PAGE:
“I appeal to the UN and all international partners for the protection of Christians in the Sahel region… In many instances the church in the Sahel region is victim of religious radicalism,” said Rev. Dr. Master Obolotswe Matlhaope, Secretary General of the Association of Evangelicals in Africa (AEA), on 9 December 2021 at a virtual expert discussion co-organized by World Evangelical Alliance together with Caritas Internationalis and Open Doors on the Role of Faith Communities and their Leaders in Promoting Peace and Social Cohesion in the Sahel Region. The event was organized in conjunction with the UNHCR High-Level Officials Meeting held in Geneva on 14-15 December 2021 to take stock of progress made in the implementation of the Global Compact on Refugees.
Rev. Malthaope called for collaboration towards Peace and Prosperity of the Sahel region. He stressed the importance of regional framework for transnational action by the Sahel countries that would help addressing cultural and religious relations, migrations, illicit financial flows and extractive industries, organized crime and religious extremism.
Over the past years, the Sahel region has become an epicenter of ongoing humanitarian, socioeconomic, ecological, and geopolitical crises that contributed to the displacement of millions of people within States and across borders. The Sahel region is predominantly made up of Muslim-majority countries, although there is a strong interfaith community which affords the Churches with a high level of trust and acceptance throughout the region. The purpose of our expert discussion was to relay the voice of local faith communities and faith-based institutions calling for the development of a joint strategic intervention for peace and social cohesion measures in all areas of humanitarian and development work and programs.
During the meeting, Fatoumata Lejeune-Kaba, External Engagement Coordinator of the UNHCR Office for West and Central Africa emphasized the significance of partnership with local faith-based actors and religious leaders to address root causes of forced displacement.
Rev. Matlhaope called for religious freedom in the Sahel region: He also emphasized an urgent need for help to deal with internally displaced people, “even though we know these are just symptoms of real problems, but because of the value of human life, there is urgent need that requires urgent attention.” In conclusion, Rev. Matlhaope called onto all who believe in and share this vision of the Association of Evangelicals in Africa to come into partnership with AEA. “At the end, we believe that all religions and everyone, has a responsibility to build a peaceful co-existence and contribute to prosperity for all out of God’s love.”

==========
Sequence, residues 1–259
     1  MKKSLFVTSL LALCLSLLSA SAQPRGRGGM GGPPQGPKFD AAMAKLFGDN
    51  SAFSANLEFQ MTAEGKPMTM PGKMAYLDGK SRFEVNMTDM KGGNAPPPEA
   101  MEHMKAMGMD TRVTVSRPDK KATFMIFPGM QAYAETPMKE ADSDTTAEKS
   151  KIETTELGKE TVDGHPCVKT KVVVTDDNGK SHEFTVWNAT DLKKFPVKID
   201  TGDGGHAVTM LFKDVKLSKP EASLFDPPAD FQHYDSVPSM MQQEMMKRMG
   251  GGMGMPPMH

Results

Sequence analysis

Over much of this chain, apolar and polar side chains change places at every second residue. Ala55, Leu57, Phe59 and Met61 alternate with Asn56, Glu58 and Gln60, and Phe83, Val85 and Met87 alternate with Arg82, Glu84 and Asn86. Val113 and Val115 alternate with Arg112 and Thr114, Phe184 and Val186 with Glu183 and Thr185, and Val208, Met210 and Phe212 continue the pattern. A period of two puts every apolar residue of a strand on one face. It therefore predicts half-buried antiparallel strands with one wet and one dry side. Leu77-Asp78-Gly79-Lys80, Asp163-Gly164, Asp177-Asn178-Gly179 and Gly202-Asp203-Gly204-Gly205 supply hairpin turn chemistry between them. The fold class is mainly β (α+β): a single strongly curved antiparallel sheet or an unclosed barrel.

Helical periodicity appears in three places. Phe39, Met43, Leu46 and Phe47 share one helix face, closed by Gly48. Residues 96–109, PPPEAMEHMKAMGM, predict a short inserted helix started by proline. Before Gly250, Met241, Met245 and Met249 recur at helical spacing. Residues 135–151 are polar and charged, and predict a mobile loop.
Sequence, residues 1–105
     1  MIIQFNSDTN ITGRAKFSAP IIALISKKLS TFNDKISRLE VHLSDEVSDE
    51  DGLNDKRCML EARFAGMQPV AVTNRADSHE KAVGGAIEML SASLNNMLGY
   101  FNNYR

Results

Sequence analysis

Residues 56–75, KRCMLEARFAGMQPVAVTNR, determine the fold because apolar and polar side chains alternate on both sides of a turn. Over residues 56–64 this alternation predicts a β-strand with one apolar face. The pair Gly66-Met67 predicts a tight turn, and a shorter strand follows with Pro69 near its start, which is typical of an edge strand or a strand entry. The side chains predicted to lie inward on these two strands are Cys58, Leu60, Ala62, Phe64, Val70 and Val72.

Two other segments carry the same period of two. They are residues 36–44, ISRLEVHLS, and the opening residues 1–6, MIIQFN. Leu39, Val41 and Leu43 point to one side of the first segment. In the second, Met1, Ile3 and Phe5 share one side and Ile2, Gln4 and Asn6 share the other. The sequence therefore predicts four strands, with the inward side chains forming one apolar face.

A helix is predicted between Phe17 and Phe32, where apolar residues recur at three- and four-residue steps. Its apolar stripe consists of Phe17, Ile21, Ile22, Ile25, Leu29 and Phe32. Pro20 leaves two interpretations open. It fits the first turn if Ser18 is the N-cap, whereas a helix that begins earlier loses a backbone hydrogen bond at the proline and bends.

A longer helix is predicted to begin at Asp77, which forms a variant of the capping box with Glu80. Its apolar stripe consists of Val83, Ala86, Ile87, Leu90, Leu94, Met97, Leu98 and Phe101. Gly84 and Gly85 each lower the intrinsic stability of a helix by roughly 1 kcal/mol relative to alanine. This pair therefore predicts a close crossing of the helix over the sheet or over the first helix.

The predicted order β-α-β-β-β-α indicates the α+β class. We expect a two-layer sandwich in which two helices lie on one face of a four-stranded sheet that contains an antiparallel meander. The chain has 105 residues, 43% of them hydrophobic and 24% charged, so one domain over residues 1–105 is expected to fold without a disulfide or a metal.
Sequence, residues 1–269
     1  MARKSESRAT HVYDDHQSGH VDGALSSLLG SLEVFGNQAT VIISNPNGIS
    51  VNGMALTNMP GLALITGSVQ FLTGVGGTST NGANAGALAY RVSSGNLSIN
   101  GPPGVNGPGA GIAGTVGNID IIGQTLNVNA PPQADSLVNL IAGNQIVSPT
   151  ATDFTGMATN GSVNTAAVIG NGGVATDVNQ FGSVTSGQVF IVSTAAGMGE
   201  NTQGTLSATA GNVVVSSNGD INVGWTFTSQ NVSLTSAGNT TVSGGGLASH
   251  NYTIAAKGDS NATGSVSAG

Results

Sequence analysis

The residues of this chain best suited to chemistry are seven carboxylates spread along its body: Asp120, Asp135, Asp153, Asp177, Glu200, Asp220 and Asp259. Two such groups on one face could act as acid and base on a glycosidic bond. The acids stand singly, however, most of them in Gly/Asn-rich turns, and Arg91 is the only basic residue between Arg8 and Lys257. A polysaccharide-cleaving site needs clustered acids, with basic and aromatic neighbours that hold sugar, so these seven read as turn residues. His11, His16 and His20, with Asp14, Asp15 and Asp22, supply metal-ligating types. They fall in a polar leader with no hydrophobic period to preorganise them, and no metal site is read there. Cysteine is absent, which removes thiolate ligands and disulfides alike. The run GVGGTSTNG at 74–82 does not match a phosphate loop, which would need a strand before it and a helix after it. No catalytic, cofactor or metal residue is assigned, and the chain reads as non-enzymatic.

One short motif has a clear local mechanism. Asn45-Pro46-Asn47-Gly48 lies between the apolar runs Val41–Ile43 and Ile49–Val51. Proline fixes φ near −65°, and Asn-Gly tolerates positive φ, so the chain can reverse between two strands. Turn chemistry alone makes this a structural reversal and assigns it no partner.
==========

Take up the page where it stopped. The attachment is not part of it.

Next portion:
Abbé Constantin Séré, Secretary General of Caritas in Burkina Faso,shared about the humanitarian situation on the ground and Caritas Sahel Peace strategy and support to local communities in promoting social cohesion and reconciliation. He cited an example of Burkina Faso as the most affected by armed attacks, extreme poverty and related humanitarian crisis in the Sahel region. “It is also fundamental to say that we also see and experience humanity, through the solidarity and hospitality of the host communities. They are the first to provide emergency aid, with the material, human and spiritual means at their disposal. These values are the very elements that underpin social cohesion and guide these life-saving actions,” he noted.
Sani Hassane, Religious Affairs Officer of Niger’s Committee for Inter and Intra-Religious Dialogue (CIIDR), shared about Niger’s uneven path towards peaceful inter-relegious cohabitation. He cited the example of the CIIDR that covers the country’s all 8 regions and over 160 municipalities. “CDIIR is a purely local initiative inspired by a successful experience initiated in the north of the country” and “a young structure, working with limited resources”. “It is a long-term fight that requires the pooling of resources, exchange of experiences,” he concluded.
The event’s moderator llia Djadi, Open Doors Senior Analyst on Sub Saharan Africa, invited everyone to reflect on how to translate existing peace and social cohesion initiatives into concrete actions and joint commitments to prevent forced displacement. Progress made in these directions would then be presented at the next Global Refugee Forum in 2023.
WEA, Caritas Internationalis and Open Doors agreed to continue engage with participants to encourage commitments to integrate peace and social cohesion measures into all areas of humanitarian and development work, projects, and programs by engaging religious leaders. The organizers hope to build a network of organizations dedicated to the intentional engagement with religious leaders in the Sahel region in the lead-up to the next Global Refugee Forum in 2023.